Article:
Moses Maimonides, the man who transformed Judaism

Some say of him that he was the greatest Jewish thinker of all time, after Moses of course. There is even a saying: “From Moses (from the Bible) to Moses (in the time of Saladin), there was none like Moses. In any case, Moses, son of Rabbi Maimon, born in 1135 in Cordoba, Andalusia, had a considerable influence on Judaism.

However, he remains a mysterious figure, since the Jewish world, like the world of philosophy, continues to question itself more than 800 years after his death on the ins and outs of a complex and… still relevant thought.

Alain Michel

A peaceful life disturbed by the arrival of the Almohads

At the beginning of the twelfth century, the golden age of Spain of the three religions is already a memory. We can still speak of a “silver age” during which, although relations between intellectuals, poets and philosophers remained open, the daily relations between the populations had already deteriorated, following the expansion of the Reconquista and the withdrawal of the Arab kingdoms to Andalusia. The Jewish communities are thus dispersed between the lands of the Christian kingdoms and Muslim Spain. This is the case of Cordoba, where the young Moses grew up, later to be known as Maimonides.

His father was a rabbinical court judge with a reputation that extended beyond the city. This father quickly realized his son’s intellectual gifts and surrounded him with reputable Jewish and Muslim masters and teachers, who passed on to him traditional knowledge as well as mathematics and philosophy. Around the age of 16, Moses wrote his first book on theological terms and, for almost three decades, his father and brother managed to ensure that his intellectual training could be accomplished without him having to worry about material matters.

The war is shattering what could have been a peaceful life in “El Andalous”. In 1147, Muslim Spain is indeed invaded by fundamentalist warriors from the Moroccan High Atlas, south of Marrakech.

The Almohads, in Arabic “al-Mowaḥḥidoun” (those who proclaim divine unity) have as their program to return to the purity of the sources of Islam, to revitalize the kingdoms of southern Spain and to oppose the Christian Reconquista. They do not recognize the right of the people of the Book, Christians and Jews, to live in their beliefs and try to impose Islam on them.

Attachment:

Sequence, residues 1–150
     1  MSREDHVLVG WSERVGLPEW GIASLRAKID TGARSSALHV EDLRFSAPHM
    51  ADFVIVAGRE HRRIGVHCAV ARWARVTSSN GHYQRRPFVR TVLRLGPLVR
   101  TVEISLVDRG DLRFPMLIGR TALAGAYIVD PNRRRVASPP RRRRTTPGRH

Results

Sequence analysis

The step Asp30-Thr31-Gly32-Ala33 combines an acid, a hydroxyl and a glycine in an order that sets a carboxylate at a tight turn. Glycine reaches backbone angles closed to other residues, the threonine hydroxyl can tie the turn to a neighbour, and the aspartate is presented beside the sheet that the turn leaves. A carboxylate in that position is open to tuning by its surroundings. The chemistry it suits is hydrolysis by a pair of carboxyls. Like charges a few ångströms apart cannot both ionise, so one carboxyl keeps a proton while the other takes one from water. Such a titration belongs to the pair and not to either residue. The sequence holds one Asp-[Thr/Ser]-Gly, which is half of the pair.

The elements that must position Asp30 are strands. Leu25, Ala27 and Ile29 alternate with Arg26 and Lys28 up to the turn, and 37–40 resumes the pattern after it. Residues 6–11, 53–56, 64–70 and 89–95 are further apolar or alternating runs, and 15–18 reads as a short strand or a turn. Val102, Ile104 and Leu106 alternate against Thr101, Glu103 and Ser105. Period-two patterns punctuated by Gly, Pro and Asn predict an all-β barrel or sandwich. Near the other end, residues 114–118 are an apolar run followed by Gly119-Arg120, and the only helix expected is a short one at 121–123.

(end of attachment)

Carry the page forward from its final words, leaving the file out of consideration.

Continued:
As a result of this invasion, Judge Maimon’s family was forced to wander through southern Spain, from refuge to refuge. Their traces were more or less lost for about ten years before they were found again in 1160 in Fez, Morocco, in the middle of the Almohad Maghreb. However, it seems that in Fez, living conditions for the Jews were better, and we know that a Mozarabic community (Christians from Al Andalus) was also there. The presence of the famous Al Quaraouiyine University is undoubtedly also a factor of tolerance and openness, and it was in its setting that the young Maimonides studied medicine.

According to some sources, Maimonides’ family superficially converted to Islam, and in any case, Maimonides himself later wrote an epistle on forced conversions to Islam in which, because of the proximity of the two religions, he allowed the Jews who were forced to return to Judaism. Maimonides thus began to have some authority in matters of law around the age of thirty. Nevertheless, in 1165, following the assassination by the rabble of one of the leaders of the Jewish community of Fez, Rabbi Yéhouda Hacohen, the family of Rabbi Maimon fled Morocco to Saint-Jean-d’Acre, then the main port of the Free States of Palestine.

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